In that regard, there are a two or three places here in the U.S. that might be inviting. Bhante Henepola Gunaratana in West Virginia has a monastic retreat, although it may be somewhat difficult to get into. Also, Bhante is getting up there in age (in his 80s), so don't know how much longer he will be around. He also has a thick Sri Lankan accent that may need some getting used to. They do have a Residency program there that might be worth looking into. Bhante G is a qualified teacher in the Theravada tradition and well worth training with.

Another domestic site that may be of interest would be the Abhayagiri monastery in California. This is affiliated with Ajahn Sumedho (an American) who has his main monastic colony in England at Chithurst. This source is based on the Thai Forest tradition within the Theravada tradition. Ajahn Sumedho was trained under Ajahn Chah, a revered and respected Thai meditation master. I believe the current abbot at Abhayagiri is Ajahn Pasanno. He is more than qualified to teach. Ajahn Amaro, another very qualified teacher, also used to be stationed there, although he doesn't show up on the website rundown of current monastics in residence there, so perhaps he has moved on.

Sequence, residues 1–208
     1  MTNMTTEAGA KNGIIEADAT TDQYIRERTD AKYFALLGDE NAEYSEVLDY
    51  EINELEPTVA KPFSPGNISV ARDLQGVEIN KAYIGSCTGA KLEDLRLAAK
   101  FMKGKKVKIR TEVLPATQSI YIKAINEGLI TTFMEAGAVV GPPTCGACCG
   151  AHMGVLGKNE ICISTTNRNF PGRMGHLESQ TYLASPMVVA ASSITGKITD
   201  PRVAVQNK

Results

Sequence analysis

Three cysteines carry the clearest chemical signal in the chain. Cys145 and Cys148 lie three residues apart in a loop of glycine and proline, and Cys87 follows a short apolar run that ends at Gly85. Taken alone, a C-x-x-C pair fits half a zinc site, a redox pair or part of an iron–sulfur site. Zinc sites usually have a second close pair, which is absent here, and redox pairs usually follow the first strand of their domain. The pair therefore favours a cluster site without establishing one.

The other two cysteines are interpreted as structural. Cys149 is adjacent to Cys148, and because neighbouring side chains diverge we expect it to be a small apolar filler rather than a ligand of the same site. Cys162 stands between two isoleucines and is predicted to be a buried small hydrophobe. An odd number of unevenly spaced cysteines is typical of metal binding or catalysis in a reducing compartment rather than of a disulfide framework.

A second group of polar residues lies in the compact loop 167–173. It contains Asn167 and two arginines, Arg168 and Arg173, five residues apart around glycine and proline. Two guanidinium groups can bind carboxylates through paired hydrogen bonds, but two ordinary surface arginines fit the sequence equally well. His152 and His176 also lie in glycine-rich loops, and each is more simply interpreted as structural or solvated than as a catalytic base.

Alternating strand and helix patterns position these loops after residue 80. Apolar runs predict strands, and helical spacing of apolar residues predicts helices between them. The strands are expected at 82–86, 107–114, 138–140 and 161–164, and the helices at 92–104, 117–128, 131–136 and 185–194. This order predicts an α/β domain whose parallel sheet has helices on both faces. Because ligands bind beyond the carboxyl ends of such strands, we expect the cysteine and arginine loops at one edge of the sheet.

Still another source to consider would be Ajahn Thanissaro's Metta Forest monastery near San Diego, California, also of the Thai Forest tradition. Ajahn Geoff (as he is sometimes called; otherwise known as Thanissaro Bhikkhu, although he's earned the title Thera (elder) after his monastic name having been ordained since 1976) is a more than qualified teacher of the Dhamma and a meditation master. I've used his essays and books to extend my own knowledge and understanding of the Dhamma.

There may be other options available as far as domestic retreat opportunities that would fit your friend's requirements, although I would prefer discussing these in private. If your friend would wish to explore these, please feel free to PM me here at the DhO and I will respond with my personal email address so that we may communicate in private.

Hope that helps.

In peace,
Ian
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J Groove, modified 9 Years ago.

RE: Help out this young yogi

Posts: 59 Join Date: 9/9/09 Recent Posts
Hi Ian and Yadid. Thanks for the help. I'm passing this stuff on to my friend.
Ian, thanks for the offer of a private correspondence on some of this. I'll get in touch with you if my friend has some more specific questions.
Best regards,
Joel